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Monday, November 02, 2009

Where goeth the UK Residential Care Market

I have a particular interest in the dynamics of the UK residential and nursing care business. It is a business that is part consumer services, part property investment, part B2B and is about to be hit by the UK’s waking nightmare of plunging Government spending.

Mix into this concoction the fact that many care companies are wallowing under a mountain of private equity debt and even more are ill-equipped to tackle the required restructuring of their business models and processes and you have one hell of a mess. But, for the astute and entrepreneurial one hell of an opportunity.

Recently I "What’s going on in with UK residential care” that questioned if the Royal Bank of Scotland supposed £250 million of capital for the Care Industry was for new ventures or to support the numerous ill advised investments it had made in the past. Sorry, I keep writing Royal Bank of Scotland rather than its new name the UK Government (the UK taxpayers are about to own 83% of the bank).

I also wrote “Life’s going to be interesting in the UK care market” that talked about housing 21’s takeover of a domiciliary care company and what this means for the industry.

I have just finished reading two articles in the Health Investor (sorry subscription only). One of these quotes a lot from a report by Colliers that paints a rosy view of the industry, even though the profit margins are in decline.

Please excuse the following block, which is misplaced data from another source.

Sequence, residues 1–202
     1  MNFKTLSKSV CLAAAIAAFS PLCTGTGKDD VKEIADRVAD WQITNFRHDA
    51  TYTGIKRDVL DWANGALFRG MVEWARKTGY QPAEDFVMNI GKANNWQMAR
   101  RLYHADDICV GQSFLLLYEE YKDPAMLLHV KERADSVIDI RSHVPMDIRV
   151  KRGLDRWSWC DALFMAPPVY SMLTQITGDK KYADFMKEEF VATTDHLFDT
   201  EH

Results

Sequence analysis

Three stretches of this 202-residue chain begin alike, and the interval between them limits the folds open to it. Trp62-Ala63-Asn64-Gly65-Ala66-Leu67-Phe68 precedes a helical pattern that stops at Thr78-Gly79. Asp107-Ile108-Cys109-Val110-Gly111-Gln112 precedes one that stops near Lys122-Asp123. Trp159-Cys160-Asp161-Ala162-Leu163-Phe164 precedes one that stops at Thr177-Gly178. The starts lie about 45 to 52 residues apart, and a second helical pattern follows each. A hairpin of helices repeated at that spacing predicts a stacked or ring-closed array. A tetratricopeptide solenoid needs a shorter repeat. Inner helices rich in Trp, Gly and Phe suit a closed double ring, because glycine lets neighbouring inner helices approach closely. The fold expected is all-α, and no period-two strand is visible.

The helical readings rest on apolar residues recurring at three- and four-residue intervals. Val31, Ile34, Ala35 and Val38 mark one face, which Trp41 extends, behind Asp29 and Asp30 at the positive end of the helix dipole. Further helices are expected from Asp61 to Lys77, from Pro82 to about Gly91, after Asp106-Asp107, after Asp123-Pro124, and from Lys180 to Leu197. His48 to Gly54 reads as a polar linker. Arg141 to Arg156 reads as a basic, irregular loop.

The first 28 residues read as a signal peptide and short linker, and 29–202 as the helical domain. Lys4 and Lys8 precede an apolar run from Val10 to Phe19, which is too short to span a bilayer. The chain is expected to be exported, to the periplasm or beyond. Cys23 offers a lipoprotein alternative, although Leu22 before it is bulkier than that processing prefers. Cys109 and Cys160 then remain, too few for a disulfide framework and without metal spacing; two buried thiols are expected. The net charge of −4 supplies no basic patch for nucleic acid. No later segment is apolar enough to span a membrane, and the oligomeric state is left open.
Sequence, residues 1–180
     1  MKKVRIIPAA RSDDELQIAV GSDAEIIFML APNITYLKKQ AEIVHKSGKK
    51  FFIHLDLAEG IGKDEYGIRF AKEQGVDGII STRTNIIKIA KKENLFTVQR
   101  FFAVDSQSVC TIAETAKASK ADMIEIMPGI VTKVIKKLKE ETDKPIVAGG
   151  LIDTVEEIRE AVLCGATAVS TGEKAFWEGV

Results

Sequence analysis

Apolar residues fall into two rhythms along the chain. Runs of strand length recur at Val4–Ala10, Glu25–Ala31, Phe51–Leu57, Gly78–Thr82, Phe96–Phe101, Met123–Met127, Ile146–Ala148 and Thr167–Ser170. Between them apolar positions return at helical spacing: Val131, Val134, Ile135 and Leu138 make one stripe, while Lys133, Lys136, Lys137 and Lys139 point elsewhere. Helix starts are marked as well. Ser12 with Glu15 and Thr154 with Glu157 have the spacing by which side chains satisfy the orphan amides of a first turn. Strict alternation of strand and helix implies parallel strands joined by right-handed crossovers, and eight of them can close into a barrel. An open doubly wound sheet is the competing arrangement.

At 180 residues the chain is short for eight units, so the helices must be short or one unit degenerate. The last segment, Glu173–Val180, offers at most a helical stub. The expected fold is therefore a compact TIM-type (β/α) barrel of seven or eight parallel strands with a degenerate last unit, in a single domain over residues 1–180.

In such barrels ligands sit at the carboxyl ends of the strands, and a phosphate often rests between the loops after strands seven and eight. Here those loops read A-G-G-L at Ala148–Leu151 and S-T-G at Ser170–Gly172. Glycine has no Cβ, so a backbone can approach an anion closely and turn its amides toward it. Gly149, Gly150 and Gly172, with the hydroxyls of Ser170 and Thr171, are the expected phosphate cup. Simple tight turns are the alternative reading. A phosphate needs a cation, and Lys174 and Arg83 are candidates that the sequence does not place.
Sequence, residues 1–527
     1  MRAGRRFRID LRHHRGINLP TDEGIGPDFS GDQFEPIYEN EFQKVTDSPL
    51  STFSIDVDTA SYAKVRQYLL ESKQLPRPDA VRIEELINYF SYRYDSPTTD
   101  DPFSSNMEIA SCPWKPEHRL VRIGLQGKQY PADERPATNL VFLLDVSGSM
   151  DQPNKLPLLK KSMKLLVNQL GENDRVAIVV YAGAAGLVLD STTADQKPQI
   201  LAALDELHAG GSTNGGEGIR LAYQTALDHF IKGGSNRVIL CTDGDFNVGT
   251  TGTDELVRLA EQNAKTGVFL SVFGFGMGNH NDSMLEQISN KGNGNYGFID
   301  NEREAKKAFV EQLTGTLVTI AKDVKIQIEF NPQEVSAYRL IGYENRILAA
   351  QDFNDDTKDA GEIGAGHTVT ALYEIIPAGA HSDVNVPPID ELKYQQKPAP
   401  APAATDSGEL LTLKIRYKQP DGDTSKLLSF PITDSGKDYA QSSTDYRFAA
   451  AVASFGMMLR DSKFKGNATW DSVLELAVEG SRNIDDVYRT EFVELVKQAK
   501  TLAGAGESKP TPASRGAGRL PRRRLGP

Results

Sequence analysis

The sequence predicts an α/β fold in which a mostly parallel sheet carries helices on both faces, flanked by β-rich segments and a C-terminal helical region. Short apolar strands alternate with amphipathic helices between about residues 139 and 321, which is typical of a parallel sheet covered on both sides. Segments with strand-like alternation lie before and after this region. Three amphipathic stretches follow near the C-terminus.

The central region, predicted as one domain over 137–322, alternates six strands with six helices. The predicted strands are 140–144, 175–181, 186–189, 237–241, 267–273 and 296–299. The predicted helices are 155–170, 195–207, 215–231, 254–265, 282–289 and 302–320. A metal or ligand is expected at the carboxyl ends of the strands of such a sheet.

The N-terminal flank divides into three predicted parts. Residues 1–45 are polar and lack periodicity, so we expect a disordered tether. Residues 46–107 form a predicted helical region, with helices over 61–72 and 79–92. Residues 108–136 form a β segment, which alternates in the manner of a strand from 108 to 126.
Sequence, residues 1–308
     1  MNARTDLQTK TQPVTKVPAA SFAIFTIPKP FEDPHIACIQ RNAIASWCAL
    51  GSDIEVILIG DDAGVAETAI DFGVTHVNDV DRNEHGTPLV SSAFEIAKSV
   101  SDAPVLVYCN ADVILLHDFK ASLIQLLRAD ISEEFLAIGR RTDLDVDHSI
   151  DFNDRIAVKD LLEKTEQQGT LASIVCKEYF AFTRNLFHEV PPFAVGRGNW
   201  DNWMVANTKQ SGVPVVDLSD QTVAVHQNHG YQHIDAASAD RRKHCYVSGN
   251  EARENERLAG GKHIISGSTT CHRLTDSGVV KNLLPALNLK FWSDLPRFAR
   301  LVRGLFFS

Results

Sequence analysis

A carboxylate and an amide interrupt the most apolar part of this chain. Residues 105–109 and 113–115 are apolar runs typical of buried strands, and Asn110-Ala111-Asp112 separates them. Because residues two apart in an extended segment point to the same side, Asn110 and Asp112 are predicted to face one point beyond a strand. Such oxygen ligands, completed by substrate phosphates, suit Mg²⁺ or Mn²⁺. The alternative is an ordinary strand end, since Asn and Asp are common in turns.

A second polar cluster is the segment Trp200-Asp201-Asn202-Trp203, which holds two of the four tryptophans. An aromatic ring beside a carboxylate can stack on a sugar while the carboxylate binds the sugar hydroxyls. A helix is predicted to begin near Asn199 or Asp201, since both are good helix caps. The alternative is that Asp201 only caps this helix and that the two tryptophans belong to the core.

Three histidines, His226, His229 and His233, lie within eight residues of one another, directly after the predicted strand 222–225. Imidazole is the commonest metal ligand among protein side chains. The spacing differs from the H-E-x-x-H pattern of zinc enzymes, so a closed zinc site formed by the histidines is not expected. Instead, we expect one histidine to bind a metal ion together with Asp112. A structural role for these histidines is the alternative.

What interested me was the correlation between GDP per capita and weekly fee for those in residential homes. As you can see the same strength of relationship does not exist with nursing homes. If my future business success was based on the healthiness of the UK's GDP per capita I would be seriously worried. This is exactly the emotion of the other article, as can be seen from this quote.
Professionals are nervous, individuals are nervous and the patients are nervous,” says Robbie Burns, chief executive of Clinovia, a home healthcare firm owned by Bupa. “There is an almost surreal nature to the situation – how banking systems can implode overnight is beyond comprehension to most people.” And the industry has every right to feel nervous. The latest government intervention to part-nationalise the UK’s leading banks is estimated to push public sector debt to above 50% of the annual national income.
Somehow I don’t think this is the last I will be writing about this subject. Dick Stroud

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